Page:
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FAMILY: 29,000 Sex Offenders on MySpace

By asoglin
Tuesday, July 24th, 2007 at 3:26 pm in Health & Safety, Kids & Tweens, Teens.

Internet predators are today’s version of the monster under the bed, the wolf in the forest and the perv in the park, frightening tales that run through our culture and that reinforce the basic common sense rules you give your kids: don’t talk to strangers, don’t wander into dark places, and realize that even the kindliest person may be a wolf in disguise. So today’s news that more than 29,000 registered sex offenders have profiles on — four times the number the social networking site quoted two months ago — should serve not so much as cause for gibbering, shrieking alarm, but a potent reminder to parents that kids need to use those same common sense rules when they wander online.

That 29,000 figure certainly sounds alarming, but it’s slightly less so when you realize it represents a fraction of MySpace’s 100 million-plus users. To compare, as of April 2007, California had 110,305 registered sex offenders in a population of more than 26 million adults (The most recent census estimate in 2004 put the state’s adult population at 26.3 million.)

That’s not to say that parents should totally relax about their children’s forays into MySpace and other social network sites — in fact, media and youth culture expert Anastasia Goodstein, author of “Totally Wired: What Teens and Tweens are Really Doing Online,” says tweens shouldn’t be on MySpace at all. And the National Institute on Media and the Family strongly urges parents to “watch what your kids watch” on TV and at the cineplex, to “play what your kids play” in video games, and “surf what your kids surf” online. Be aware. Be proactive.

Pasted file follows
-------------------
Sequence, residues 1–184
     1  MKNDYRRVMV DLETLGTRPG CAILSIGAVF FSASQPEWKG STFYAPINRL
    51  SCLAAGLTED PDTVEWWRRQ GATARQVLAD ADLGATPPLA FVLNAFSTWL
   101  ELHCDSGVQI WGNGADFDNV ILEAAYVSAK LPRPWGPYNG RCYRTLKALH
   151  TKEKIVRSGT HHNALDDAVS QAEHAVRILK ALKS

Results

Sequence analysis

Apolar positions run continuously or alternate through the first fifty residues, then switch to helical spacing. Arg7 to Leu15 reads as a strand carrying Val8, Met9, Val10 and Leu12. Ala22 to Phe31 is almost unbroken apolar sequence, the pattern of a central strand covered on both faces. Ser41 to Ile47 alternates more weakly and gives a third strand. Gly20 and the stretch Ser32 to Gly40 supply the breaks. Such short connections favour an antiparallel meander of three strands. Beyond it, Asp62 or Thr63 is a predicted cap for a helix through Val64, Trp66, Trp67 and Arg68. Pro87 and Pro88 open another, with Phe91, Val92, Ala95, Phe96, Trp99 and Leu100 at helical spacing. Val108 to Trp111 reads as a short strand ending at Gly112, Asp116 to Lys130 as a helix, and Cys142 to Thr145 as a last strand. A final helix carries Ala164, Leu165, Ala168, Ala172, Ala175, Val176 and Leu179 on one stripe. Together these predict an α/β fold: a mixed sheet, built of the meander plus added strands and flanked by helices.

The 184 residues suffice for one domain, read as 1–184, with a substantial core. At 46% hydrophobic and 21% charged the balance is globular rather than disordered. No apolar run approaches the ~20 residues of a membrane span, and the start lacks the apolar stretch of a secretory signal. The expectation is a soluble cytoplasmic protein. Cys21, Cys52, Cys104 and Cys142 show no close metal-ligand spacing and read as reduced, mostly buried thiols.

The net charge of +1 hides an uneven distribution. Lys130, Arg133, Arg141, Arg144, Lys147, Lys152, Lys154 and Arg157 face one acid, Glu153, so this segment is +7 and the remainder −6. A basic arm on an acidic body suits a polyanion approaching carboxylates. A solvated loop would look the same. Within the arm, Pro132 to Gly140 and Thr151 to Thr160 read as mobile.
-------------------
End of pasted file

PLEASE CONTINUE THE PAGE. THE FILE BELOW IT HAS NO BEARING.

Most teens are savvy about online dangers. The same cannot be said for their younger sibs. It’s up to parents to rectify that, and you can find some helpful tips here. After all, you wouldn’t send your treat-toting kid to grandma’s without warning him or her about the wolves in the forest.
Jackie Burrell

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No Responses to “FAMILY: 29,000 Sex Offenders on MySpace”

  1. Ari Soglin Says:

    The Computer World story linked in Jackie’s post says: “The North Carolina legislation being proposed suggests that social networking sites verify a parent’s identity through a public database and then follow up with a phone call or letter to ensure that the parent actually gave the child permission to use the site.” Any sites subjected to that legislation would lose a huge percentage of their registered users. But I have a hard time believing it would keep kids offline. Even if it became a federal law, wouldn’t teens migrate to a site based outside the U.S. that isn’t subject to the restrictions. Hmm, anyone own

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